mdadm creating a new array


This is a short guide on using mdadm, and other command line tools to create a RAID 1 mirrored array from 2 harddrives in Linux (Ubuntu 14.04)


Firstly, lets get a list of the harddrives in the system:

$ lsblk
sda                       8:0    0 447.1G  0 disk 
sdb                       8:16   0 447.1G  0 disk 
sdc                       8:32   0   1.8T  0 disk 
├─sdc1                    8:33   0   512M  0 part /boot
└─sdc2                    8:34   0   1.8T  0 part 

We’re going to use sda, and sdb to create the array of devices. I am going to be creating a partition that nearly fills the harddrives (440G), but not completely. This allows us to rebuild from other drives in the future that may not be exactly the same size.

Creating the partitions

Note: We are deleting and modifying partitions here, please make sure you have backed up data, and that you are using the correct drive numbers

$ fdisk /dev/sda
Command (m for help): n
Partition type:
   p   primary (0 primary, 0 extended, 4 free)
   e   extended
Select (default p): p
Partition number (1-4, default 1): 
Using default value 1
First sector (2048-937703087, default 2048): 
Using default value 2048
Last sector, +sectors or +size{K,M,G} (2048-937703087, default 937703087): +440G

Command (m for help): t
Hex code (type L to list codes): fd
Changed system type of partition 1 to fd (Linux raid autodetect)

Command (m for help): p
Disk /dev/sda: 480.1 GB, 480103981056 bytes
255 heads, 63 sectors/track, 58369 cylinders, total 937703088 sectors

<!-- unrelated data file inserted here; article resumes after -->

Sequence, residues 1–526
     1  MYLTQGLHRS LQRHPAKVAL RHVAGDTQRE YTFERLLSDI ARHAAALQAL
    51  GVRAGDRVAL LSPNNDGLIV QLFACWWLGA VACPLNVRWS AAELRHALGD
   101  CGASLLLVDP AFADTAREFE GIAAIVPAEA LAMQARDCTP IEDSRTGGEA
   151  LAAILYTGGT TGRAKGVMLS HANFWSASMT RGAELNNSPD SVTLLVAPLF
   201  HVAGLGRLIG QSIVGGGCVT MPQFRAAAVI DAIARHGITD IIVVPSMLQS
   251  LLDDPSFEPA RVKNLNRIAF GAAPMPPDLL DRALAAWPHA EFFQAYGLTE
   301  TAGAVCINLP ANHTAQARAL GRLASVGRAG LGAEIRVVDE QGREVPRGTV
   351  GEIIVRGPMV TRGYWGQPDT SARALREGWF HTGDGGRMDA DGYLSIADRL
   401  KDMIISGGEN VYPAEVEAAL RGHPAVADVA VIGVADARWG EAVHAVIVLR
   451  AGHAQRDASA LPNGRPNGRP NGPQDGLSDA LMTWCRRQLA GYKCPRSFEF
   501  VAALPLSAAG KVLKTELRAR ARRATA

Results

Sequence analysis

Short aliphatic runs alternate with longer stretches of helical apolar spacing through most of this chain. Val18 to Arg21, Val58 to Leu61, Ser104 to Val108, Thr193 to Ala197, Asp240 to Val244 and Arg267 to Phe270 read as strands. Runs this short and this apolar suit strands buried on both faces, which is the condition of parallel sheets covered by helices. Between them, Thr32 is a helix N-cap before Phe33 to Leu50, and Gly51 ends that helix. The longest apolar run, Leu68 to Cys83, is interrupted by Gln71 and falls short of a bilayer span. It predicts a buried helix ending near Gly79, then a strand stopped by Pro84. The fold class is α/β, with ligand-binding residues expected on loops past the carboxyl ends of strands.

Units = sectors of 1 * 512 = 512 bytes
Sector size (logical/physical): 512 bytes / 512 bytes
I/O size (minimum/optimal): 512 bytes / 512 bytes
Disk identifier: 0x000071b7

   Device Boot      Start         End      Blocks   Id  System
/dev/sda1            2048   922748927   461373440   fd  Linux raid autodetect
Command (m for help): w
The partition table has been altered!

Calling ioctl() to re-read partition table.
Syncing disks.

Do the same on /dev/sdb, and afterwards, check the partitions are OK:

$ lsblk
sda                       8:0    0 447.1G  0 disk 
└─sda1                    8:1    0   440G  0 part 
sdb                       8:16   0 447.1G  0 disk 
└─sdb1                    8:17   0   440G  0 part 
sdc                       8:32   0   1.8T  0 disk 

OK we have the two partitions. Make sure there no superblocks set on these two drives (i.e. make sure they’re clean):

$ mdadm --zero-superblock /dev/sda /dev/sdb
mdadm: Unrecognised md component device - /dev/sda
mdadm: Unrecognised md component device - /dev/sdb

This shows that these were clean drives, but it’s worth doing. Next we’re going to create the array itself

$ mdadm --create /dev/md0 --level=1 --raid-devices=2 /dev/sda1 /dev/sdb1
mdadm: Note: this array has metadata at the start and
    may not be suitable as a boot device.  If you plan to
    store '/boot' on this device please ensure that
    your boot-loader understands md/v1.x metadata, or use
Continue creating array? y       
mdadm: Defaulting to version 1.2 metadata
mdadm: array /dev/md0 started.

Check the state of the array:

$ cat /proc/mdstat
Personalities : [linear] [multipath] [raid0] [raid1] [raid6] [raid5] [raid4] [raid10] 
md0 : active raid1 sdb1[1] sda1[0]
      461242176 blocks super 1.2 [2/2] [UU]
      [>....................]  resync =  0.1% (893248/461242176) finish=34.3min speed=223312K/sec

Add the information from the mdadm --detail --scan to the /etc/mdadm/mdadm.conf file, so quicker boots, etc and the device is found. Remove the name field from the output of the mdadm command.

ARRAY /dev/md0 metadata=1.2 name=hogg:0 UUID=23529206:b91dd393:10786167:71e5ce60

Also you need to update the boot image with the following:

$ update-initramfs -u

And that’s it for creating a mirrored RAID 1 array. We’re not building file systems on this device, as I will be using it as the basis of a LVM with snapshots. In a follow up guide here, I’ll be creating a logical volume on top of this raid array.


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